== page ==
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Diane Publishing Books
Alleviating Poverty in the United States: The Critical Role of SNAP Benefits
Laura Tiehen (au); Dean Jolliffe (au); Craig Gundersen (au)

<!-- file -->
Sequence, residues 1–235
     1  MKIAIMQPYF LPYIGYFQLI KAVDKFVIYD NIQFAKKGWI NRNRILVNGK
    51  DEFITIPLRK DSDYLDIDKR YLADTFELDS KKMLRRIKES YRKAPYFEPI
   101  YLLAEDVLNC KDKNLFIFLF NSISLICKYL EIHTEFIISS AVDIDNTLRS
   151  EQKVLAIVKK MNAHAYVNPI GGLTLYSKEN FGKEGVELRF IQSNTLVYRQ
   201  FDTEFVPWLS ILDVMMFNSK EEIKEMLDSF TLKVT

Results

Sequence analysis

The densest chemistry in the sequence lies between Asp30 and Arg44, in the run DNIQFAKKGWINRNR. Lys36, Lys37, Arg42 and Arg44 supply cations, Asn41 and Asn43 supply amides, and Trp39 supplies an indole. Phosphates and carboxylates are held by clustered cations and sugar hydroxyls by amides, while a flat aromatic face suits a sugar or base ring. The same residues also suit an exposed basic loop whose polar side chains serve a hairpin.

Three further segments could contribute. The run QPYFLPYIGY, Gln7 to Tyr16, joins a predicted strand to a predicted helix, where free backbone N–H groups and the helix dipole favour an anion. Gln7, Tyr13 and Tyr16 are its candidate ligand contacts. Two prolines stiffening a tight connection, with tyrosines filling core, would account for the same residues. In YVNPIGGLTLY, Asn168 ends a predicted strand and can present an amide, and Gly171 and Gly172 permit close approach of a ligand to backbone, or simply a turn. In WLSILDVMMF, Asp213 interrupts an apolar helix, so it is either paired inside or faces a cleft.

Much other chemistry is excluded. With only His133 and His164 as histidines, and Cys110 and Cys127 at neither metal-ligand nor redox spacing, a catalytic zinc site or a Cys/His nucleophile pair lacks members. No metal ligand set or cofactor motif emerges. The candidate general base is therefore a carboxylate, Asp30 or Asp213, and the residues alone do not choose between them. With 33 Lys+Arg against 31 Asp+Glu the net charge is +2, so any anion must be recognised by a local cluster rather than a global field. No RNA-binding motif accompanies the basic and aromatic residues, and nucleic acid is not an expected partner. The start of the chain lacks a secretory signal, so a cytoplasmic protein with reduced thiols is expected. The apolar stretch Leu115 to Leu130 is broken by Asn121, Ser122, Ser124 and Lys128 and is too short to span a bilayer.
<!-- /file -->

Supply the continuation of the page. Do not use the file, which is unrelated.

The Supplemental Nutrition Assistance Program (SNAP) is one of the largest safety net programs in the U.S., serving 44.7 million individuals in an average month in 2011. The authors used Current Population Survey data to examine the effect of SNAP on poverty from 2000 to 2009, by adding program benefits to income and calculating how SNAP benefits affected the prevalence, depth, and severity of poverty. They found an average decline of 4.4% in the prevalence of poverty due to SNAP benefits, while the average decline in the depth and severity of poverty was 10.3% and 13.2%, respectively. SNAP benefits had a particularly strong effect on child poverty, reducing its depth by an average of 15.5% and its severity by an average of 21.3% from 2000 to 2009. SNAPäó»s antipoverty effect peaked in 2009, when benefit increases were authorized by the American Recovery and Reinvestment Act. This analysis shows that SNAP significantly improves the welfare of low-income households. Figures and tables. This is a print on demand report.
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